Andras Schiff’s Rainbow-Tempered Clavier

Andras Schiff gave an hour-long lecture about J S Bach last night at Davies Symphony Hall. The pianist recently began a two-year residency with the San Francisco Symphony, during which time he’s devoting much attention to Bach.

There’s an effortless yet quiet sense of humor to the man which I find charming. He seems very self-effacing in spite of his grandeur at the keyboard.

Of the many fascinating things that Schiff mentioned during his talk, which the pianist deftly accompanied with short musical excerpts to illustrate the points he wanted to make, the thing that I found most interesting was his interpretation of certain pieces by Bach in terms of the color spectrum.

For Schiff, every key in which Bach wrote a Prelude and Fugue in The Well-Tempered Clavier brings to mind a different color of the rainbow. According to the pianist, C Major is white, E Major is light blue, G Major is green, and B Minor is black. He played excerpts from the pieces Bach wrote in those keys to illustrate his assertions.

I can’t say I heard the hues that Schiff hears when he played those excerpts last night. But it’s a lovely idea anyway. It probably helps the pianist to embody a certain feel for the music as he plays through the series.

I kept trying to visualize the colors Schiff mentioned as he played, as if attempting to conjure a scene from Fantasia in my mind’s eye. I think that might be why I couldn’t quite understand what Schiff was getting at with his synesthesia-esque thoughts.

Andras Schiff will play Book Two of The Well-Tempered Clavier on October 21. For more information, go here.

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Comments

  1. says

    I don’t sense colors in keys, but many seem to have a general character. G major is bright and cheerful, E-flat is mysterious, E major is dream-like, B major seems deific, F major and B-flat major have a military qualities. F sharp major has a playful transcendence. C major is like light. I probably associate these keys with compositions in them that reveal those characteristics.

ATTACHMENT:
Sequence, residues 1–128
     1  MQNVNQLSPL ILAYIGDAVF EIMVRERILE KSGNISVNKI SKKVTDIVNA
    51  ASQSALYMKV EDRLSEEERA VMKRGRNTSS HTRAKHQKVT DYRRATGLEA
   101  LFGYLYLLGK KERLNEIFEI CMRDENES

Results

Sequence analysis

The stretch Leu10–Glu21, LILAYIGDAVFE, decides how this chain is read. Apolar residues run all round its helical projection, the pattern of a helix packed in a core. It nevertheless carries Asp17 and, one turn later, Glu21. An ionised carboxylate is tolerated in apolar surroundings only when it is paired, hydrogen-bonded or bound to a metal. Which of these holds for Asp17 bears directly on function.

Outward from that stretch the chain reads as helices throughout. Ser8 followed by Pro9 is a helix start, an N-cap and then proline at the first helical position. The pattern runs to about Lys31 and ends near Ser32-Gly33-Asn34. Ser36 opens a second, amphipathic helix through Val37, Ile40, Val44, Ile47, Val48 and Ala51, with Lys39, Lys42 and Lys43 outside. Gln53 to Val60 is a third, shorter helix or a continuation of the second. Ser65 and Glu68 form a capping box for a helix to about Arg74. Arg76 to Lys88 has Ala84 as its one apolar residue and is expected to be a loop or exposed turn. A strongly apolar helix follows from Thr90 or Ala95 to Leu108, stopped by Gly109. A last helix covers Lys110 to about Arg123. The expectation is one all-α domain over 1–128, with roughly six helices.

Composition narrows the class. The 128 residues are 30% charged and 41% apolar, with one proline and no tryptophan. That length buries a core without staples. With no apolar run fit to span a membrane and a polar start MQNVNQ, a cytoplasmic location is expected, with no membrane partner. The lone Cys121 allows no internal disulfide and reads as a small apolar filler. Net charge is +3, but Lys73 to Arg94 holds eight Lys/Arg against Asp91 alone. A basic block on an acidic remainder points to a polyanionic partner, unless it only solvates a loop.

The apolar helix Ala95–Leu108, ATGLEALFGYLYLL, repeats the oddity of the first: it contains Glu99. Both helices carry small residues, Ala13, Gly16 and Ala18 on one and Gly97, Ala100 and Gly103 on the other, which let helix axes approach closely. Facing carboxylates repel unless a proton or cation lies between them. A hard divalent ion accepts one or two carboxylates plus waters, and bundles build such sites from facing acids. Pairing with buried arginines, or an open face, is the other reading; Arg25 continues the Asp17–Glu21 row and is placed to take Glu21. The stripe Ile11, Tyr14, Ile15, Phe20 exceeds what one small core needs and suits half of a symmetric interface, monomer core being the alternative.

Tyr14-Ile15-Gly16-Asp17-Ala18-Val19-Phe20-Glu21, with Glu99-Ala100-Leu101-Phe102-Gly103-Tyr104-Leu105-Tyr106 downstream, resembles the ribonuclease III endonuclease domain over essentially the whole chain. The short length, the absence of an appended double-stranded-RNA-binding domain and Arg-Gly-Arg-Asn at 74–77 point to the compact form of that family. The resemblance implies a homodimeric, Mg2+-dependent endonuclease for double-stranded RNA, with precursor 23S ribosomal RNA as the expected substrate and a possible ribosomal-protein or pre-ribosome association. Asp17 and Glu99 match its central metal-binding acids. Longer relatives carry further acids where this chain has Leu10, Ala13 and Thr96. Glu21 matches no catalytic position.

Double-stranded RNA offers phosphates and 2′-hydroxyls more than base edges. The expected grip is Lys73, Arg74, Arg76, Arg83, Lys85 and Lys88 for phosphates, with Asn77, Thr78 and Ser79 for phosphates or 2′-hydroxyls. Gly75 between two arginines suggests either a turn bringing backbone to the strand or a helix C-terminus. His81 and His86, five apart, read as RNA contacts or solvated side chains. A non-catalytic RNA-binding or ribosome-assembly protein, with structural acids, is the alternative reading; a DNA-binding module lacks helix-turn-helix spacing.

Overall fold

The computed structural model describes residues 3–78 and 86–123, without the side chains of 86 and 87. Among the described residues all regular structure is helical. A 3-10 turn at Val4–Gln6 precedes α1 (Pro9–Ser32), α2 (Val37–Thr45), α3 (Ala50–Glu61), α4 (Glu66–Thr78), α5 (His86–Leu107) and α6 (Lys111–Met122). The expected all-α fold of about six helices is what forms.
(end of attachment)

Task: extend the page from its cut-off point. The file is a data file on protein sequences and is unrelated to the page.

It is interesting that Schiff sees B minor as black. Beethoven thought B minor was an evil key and he refused to write anything in it.

    • Sixtus Beckmesser says

      . . . except the Bagatelle Opus 126, no. 4.

      Nadia Boulanger used to insist that her students transpose preludes and fugues from the WTC into all other keys. In addition to being torture for those with absolute pitch, I wonder what this would do to those with synaesthesia?

      • says

        It’s a bit of trivia sticking up out of my mind like a dead braching protruding from the bottom of a swamp. Off hand, the closest reference I recall is that Beethoven labelled a B minor melodic idea in one of his sketchbooks as a “black key”. See: Michael C. Tusa, “Beethoven’s “C-Minor Mood”: Some Thoughts on the Structural Implications of Key Choice” in Beethoven Forum 2, Christoph Reynolds, ed. Lincoln: University of Nebraska Press (1993). There are probably better and more complete references, but alas, I’m deep in the Black Forest of Germany and not in a position to dig them up since there is no research library near-by — to say nothing of a lack of time and interest.

  2. Michael Redmond says

    Andras Schiff is a great musician and a great pianist, no question. One of the greatest on earth. But if he is so enamored of Bach’s colors and timbres, why doesn’t he perform Bach on the clavier or the harpsichord? I’m not saying that playing Bach on the piano is “wrong.” But it surely isn’t authentic.

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